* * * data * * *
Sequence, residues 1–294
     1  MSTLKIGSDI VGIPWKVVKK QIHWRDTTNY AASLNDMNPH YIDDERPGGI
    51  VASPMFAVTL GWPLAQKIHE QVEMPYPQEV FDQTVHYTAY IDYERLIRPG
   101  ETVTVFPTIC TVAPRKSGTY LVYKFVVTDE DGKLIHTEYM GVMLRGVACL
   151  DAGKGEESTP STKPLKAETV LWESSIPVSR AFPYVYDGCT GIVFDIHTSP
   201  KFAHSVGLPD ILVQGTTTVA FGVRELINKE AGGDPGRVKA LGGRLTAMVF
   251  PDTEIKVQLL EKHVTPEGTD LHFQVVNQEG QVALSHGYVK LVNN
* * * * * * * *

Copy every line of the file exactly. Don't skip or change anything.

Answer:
Sequence, residues 1–294
     1  MSTLKIGSDI VGIPWKVVKK QIHWRDTTNY AASLNDMNPH YIDDERPGGI
    51  VASPMFAVTL GWPLAQKIHE QVEMPYPQEV FDQTVHYTAY IDYERLIRPG
   101  ETVTVFPTIC TVAPRKSGTY LVYKFVVTDE DGKLIHTEYM GVMLRGVACL
   151  DAGKGEESTP STKPLKAETV LWESSIPVSR AFPYVYDGCT GIVFDIHTSP
   201  KFAHSVGLPD ILVQGTTTVA FGVRELINKE AGGDPGRVKA LGGRLTAMVF
   251  PDTEIKVQLL EKHVTPEGTD LHFQVVNQEG QVALSHGYVK LVNN